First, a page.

Semiconductor Quantum Photonics: Control of Spin, Exciton and Photon Interactions by Nano-Photonic Design
This grant exploits the advantageous properties of III-V semiconductors to achieve agenda setting advances in the quantum science and technology of solid state materials. We work in the regime of next generation quantum effects such as superposition and entanglement, where III-V systems have many favourable attributes, including strong interaction with light, picosecond control times, and microsecond coherence times. The grant is a collaboration between the Universities of Sheffield, Cambridge (D A Ritchie) and Lancaster (H Schomerus), capitalising on the advanced, complementary expertise in each institution.
We employ the principles of nano-photonic design to access new regimes of physics and potential long term applications. Many of these opportunities have only opened up in the last few years, due to conceptual and fabrication advances. The conceptual advances include the realisation that quantum emitters emit only in one direction if precisely positioned in an optical field, that wavepackets which propagate without scattering may be achieved by specific design of lattices, and that non-linearities are achievable at the level of one photon. The fabrication advances allow reconfigurable devices to be realised, with on-chip control of electronic and photonic properties.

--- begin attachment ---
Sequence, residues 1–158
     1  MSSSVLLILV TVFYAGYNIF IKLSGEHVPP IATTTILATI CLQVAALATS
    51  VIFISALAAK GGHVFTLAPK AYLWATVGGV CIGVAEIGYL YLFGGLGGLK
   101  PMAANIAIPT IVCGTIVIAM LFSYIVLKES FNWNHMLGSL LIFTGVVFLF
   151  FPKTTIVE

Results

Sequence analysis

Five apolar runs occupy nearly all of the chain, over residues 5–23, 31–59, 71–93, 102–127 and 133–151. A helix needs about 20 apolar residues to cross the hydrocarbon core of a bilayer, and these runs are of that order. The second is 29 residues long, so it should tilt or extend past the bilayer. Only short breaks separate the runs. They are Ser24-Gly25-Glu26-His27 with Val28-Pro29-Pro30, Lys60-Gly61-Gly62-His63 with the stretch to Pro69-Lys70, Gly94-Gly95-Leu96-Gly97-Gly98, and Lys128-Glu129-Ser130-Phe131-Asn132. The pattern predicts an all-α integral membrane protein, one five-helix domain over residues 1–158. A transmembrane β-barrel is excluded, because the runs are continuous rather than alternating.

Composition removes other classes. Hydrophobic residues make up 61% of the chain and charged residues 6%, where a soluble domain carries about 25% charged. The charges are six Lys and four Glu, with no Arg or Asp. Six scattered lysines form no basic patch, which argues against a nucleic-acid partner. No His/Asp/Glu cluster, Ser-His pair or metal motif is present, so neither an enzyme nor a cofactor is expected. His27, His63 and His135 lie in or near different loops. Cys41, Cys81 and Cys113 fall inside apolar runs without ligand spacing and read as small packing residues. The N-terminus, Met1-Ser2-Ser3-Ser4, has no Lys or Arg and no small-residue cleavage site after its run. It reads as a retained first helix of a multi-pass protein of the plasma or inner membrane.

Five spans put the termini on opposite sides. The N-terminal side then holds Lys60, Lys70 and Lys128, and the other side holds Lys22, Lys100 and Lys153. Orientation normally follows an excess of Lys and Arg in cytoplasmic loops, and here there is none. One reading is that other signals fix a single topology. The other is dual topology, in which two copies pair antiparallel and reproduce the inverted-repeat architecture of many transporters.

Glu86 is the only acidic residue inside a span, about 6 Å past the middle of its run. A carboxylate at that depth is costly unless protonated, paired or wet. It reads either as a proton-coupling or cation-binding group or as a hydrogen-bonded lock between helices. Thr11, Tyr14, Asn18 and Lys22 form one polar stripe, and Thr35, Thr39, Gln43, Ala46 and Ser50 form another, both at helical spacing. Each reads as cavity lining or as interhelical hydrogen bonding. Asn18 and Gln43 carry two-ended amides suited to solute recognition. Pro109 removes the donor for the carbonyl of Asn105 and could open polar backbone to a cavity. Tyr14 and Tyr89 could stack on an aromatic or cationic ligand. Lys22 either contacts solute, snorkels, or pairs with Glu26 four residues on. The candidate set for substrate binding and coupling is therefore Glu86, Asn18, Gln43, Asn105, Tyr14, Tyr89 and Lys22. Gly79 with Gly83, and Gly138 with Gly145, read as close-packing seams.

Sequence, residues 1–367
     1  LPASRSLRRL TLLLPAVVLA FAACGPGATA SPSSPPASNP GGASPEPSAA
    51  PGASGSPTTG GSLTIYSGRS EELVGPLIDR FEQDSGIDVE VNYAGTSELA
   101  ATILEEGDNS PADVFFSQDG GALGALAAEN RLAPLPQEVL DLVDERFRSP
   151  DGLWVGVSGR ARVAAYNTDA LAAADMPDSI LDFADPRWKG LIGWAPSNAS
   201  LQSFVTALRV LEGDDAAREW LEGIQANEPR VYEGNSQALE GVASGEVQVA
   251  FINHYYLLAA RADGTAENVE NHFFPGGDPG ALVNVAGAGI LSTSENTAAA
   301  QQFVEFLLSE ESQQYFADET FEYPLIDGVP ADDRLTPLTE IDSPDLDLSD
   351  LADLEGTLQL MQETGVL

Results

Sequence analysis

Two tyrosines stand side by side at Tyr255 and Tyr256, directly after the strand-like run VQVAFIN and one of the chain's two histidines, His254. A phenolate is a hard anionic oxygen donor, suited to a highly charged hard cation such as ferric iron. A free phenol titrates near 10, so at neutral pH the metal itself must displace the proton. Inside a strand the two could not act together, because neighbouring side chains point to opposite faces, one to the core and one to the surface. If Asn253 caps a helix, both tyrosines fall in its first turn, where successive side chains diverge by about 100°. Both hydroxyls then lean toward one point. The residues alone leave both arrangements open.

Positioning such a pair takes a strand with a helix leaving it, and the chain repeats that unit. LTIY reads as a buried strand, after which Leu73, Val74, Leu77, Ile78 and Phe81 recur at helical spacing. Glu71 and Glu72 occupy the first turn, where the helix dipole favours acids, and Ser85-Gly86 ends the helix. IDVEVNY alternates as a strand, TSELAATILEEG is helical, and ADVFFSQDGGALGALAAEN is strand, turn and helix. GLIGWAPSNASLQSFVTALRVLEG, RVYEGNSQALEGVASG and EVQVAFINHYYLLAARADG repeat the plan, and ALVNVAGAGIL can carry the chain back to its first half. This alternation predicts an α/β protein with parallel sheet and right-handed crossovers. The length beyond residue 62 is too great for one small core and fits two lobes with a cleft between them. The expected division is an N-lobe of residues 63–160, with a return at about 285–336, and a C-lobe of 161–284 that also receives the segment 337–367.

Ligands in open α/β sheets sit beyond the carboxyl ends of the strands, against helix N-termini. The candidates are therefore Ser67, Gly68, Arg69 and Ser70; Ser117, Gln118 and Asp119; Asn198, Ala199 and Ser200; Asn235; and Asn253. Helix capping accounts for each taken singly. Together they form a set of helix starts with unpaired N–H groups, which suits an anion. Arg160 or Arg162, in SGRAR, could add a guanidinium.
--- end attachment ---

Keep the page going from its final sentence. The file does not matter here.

Key goals include reconfigurable devices at the single photon level, a single photon logic gate based on the fully confined states in quantum dots positioned precisely in nano-photonic structures, and coupling of states by designed optical fields, taking advantage of the reconfigurable capability, to enhance or suppress optical processes. We plan to achieve spins connected together by photons in an on-chip geometry, a route towards a quantum network.
As well as quantum dots, III-V quantum wells interact strongly with light to form new particles termed polaritons. We propose to exploit the new field of topological polaritonics, where the nano-photonic design of lattices leads to states which are protected from scattering and where artificial magnetic fields are generated. This opens the way to new coupled states of matter which mimic the quantised Hall effects, but in a system with fundamentally different wavefunctions from electrons.
Finally, our programme also depends on excellent crystal growth. We target one of the main issues limiting long term scale up of quantum dot technologies, namely site control. We will employ two approaches, which involve a combination of patterning, cleaning and crystal growth to define precisely the quantum dot location, both based around the formation of pits to seed growth in predetermined locations.